Tiger Woods shares halfway lead at Tour Championship
ATLANTA — Not even one bad hole could keep Tiger Woods from a share of the 36-hole lead for the first time in more than three years.
Woods hit his stride Friday on the back nine at East Lake with three birdies and an 8-foot par save over four holes, giving him a two-shot lead as he started to build some separation against a 30-man field at the Tour Championship.
One tee shot brought him back.
He went from the deep rough left of the 16th fairway to a plugged lie in a bunker that left him no choice but play away from the green, and he missed a 12-foot putt to take double bogey. A two-putt birdie on the final hole gave him a 2-under-par 68 and a tie with Justin Rose.
Woods considers it a victory to have made it to the Tour Championship coming off a fourth back surgery. He’s not ready to think about the prospect of ending his remarkable comeback season with his 80th PGA Tour victory.
“We have a long way to go,” Woods said. “This is not an easy golf course.”
Rose, in his debut at No. 1 in the world, played in the group ahead of Woods and could hear all about it with an enormous gallery right behind him. He birdied three of his last six holes to offset a bogey for a 67. They were at 7-under 133.
Rory McIlroy made enough birdies to offset his mistakes in a round of 68. He was two shots behind.
Woods last shared the 36-hole lead at the Wyndham Championship in 2015. He wound up in a tie for 10th, and then was gone from the PGA Tour for the next 17 months while he recovered from two back surgeries.
One more back surgery followed that brief return in 2017, and it’s been a slow road back.
In the FedEx Cup finale, however, Woods is picking up momentum. He opened with a 62 at Aronimink two weeks ago on a rain-softened course and stayed within five shots of the lead the rest of the way until he tied for sixth.
Now his name has been atop the leaderboard for consecutive rounds, and it’s not an accident.
East Lake, with its shaggy Bermuda rough and dry, fast conditions, requires nothing short of precision. Woods wasn’t nearly as sharp as he was Thursday, when he started with a 65, but he missed in the right spots. Despite hitting only two fairways through 11 holes, he wasn’t losing much ground.
“This course, the way it’s playing right now, you’ve got to be so patient,” Woods said. “It’s hard to make birdies, and on top of that, it’s hard to get the ball close. It’s very easy to make mistakes, make a few bogeys here and there. And look at most of the field. That’s basically what they’re doing.”
Jon Rahm and Rickie Fowler also had at least a share of the lead at some point, only to lose ground. It was a slow bleed for Fowler, who went birdie-free over his last 12 holes and shot 39 on the back nine for a 72. It was a sudden drop for Rahm, who took bogey from the rough on the 14th hole and then put his tee shot into the water on the par-3 15th for a double bogey and a 68.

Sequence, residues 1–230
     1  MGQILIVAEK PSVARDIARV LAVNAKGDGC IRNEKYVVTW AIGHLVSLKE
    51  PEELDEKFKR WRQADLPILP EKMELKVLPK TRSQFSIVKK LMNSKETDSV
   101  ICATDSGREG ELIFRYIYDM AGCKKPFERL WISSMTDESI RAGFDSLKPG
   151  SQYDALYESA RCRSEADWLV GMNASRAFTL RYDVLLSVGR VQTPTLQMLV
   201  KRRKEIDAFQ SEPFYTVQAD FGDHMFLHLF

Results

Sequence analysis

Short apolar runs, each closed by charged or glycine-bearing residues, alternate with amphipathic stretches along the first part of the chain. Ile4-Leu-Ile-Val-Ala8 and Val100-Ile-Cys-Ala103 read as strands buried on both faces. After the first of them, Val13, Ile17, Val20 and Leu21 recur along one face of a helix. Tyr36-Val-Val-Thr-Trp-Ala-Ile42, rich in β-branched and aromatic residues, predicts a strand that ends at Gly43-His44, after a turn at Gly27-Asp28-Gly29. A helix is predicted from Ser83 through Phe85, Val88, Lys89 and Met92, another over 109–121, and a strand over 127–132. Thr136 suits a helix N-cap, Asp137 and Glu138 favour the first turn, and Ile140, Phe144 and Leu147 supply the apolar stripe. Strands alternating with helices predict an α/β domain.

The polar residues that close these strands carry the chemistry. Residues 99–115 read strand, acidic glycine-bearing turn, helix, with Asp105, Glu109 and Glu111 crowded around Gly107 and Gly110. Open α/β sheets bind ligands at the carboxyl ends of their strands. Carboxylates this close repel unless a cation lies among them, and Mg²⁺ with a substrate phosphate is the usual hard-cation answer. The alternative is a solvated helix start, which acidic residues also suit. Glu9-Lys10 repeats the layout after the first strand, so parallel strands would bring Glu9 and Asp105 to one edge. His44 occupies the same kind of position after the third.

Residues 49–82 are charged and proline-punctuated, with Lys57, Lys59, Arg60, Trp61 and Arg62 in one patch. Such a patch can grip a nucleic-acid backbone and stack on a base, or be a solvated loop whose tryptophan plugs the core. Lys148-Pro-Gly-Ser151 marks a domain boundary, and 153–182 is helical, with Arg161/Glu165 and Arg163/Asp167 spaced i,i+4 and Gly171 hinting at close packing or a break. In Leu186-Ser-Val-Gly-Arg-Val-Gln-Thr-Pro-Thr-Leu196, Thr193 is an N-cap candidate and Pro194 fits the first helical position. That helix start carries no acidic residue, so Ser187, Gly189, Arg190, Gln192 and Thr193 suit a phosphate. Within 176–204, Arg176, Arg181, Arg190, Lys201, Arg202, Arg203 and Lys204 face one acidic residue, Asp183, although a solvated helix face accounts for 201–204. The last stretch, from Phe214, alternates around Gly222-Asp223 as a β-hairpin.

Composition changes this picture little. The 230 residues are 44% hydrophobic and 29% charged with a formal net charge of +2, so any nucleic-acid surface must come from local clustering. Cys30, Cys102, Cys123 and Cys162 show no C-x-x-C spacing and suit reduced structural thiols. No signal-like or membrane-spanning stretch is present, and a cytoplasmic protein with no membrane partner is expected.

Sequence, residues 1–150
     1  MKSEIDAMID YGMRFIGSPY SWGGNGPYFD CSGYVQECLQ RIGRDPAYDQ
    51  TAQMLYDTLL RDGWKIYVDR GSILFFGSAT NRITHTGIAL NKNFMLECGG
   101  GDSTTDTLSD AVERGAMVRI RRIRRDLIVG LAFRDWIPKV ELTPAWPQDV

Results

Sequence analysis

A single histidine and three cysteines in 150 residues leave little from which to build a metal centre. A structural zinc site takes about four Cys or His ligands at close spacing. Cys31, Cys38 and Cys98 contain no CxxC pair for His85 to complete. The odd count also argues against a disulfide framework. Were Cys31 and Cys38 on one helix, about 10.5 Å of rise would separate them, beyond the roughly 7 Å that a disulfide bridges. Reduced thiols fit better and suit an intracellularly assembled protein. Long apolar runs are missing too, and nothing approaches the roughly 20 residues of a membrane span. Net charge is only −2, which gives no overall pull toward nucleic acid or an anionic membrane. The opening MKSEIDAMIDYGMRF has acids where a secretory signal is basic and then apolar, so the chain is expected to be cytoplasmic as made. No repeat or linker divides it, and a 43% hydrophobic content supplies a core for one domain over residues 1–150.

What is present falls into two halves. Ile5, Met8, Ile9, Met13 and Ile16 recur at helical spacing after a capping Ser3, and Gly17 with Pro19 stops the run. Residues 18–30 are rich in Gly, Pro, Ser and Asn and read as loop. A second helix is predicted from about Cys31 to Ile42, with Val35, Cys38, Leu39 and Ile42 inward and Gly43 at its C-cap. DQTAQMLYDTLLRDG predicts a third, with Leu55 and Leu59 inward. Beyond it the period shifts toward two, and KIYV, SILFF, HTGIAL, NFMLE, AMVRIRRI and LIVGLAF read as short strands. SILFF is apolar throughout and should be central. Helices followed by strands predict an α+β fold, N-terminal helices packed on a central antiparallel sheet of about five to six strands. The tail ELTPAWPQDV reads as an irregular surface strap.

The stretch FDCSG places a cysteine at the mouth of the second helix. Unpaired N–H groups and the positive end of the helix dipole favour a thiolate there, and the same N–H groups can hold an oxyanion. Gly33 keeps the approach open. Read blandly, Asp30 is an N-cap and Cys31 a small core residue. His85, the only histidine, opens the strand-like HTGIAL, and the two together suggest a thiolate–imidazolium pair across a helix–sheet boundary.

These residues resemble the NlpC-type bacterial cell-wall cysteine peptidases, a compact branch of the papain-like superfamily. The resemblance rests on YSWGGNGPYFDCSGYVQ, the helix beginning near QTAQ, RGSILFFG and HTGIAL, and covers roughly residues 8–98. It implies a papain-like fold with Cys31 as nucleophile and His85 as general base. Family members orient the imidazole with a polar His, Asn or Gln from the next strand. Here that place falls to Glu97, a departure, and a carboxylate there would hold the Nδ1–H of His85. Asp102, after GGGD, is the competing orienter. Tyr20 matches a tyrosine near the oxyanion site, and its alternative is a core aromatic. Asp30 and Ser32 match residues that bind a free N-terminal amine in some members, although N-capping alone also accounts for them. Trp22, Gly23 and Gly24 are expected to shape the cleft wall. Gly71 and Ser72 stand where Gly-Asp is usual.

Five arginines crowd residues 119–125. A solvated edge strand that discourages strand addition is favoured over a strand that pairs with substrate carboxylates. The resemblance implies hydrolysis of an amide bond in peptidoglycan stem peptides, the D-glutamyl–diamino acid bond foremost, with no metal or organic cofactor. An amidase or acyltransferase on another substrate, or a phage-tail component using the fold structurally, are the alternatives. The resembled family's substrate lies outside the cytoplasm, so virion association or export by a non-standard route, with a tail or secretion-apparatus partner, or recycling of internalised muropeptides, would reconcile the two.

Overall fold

Rahm was three behind at 136, along with Billy Horschel and Patrick Cantlay, each with a tournament-best 65, and Justin Thomas, the defending FedEx Cup champion who hit tee shots all over East Lake and somehow managed a 69.
“We don’t play very many places like this where if you have control of your ball, if you have control of your game, you’re probably going to have a good chance to win,” Thomas said.
Fowler was four shots back.
Woods surged into the lead starting with a wedge to 4 feet on No. 12, an 8-foot par save on the 13th, an 18-foot birdie on the 14th and a tee shot that flirted with the edge of the peninsula green on the par-3 15th. Woods poured that one in from 25 feet, and the roar resonated across East Lake.
And then he was in deep trouble, his ball nestled down on the 454-yard 16th hole. He thought he could gouge it out of the rough and over the tree to just short of the green, but he misjudged the lie. It came up short into a bunker some 50 yards short of the green, plugged so badly in the side that he couldn’t do anything but blast out slightly behind him. A flip wedge to 12 feet and two putts later, he was tied with Rose.
“I probably should have just pitched out, and the worst I would make is five,” Woods said. “And with my wedge game right now, a pretty high percentage I would have got that up-and-down. But I thought I could sneak it up there and get up on the upslope and have a good angle in there, and it just didn’t work out.”
Rose is coming off a playoff loss at the BMW Championship last week, and as the No. 2 seed in the FedEx Cup is in the best spot to capture the $10 million prize. Bryson DeChambeau, the No. 1 seed, shot 75 and was 13 shots behind.
Tony Finau and Dustin Johnson, the other top-five seeds who have to win to claim the FedEx Cup, have ground to make up on the weekend. Finau made three bogeys on the back nine for a 71, ending his streak of 16 consecutive rounds in the 60s. He was five shots behind. Johnson rallied for a 70 and was six behind.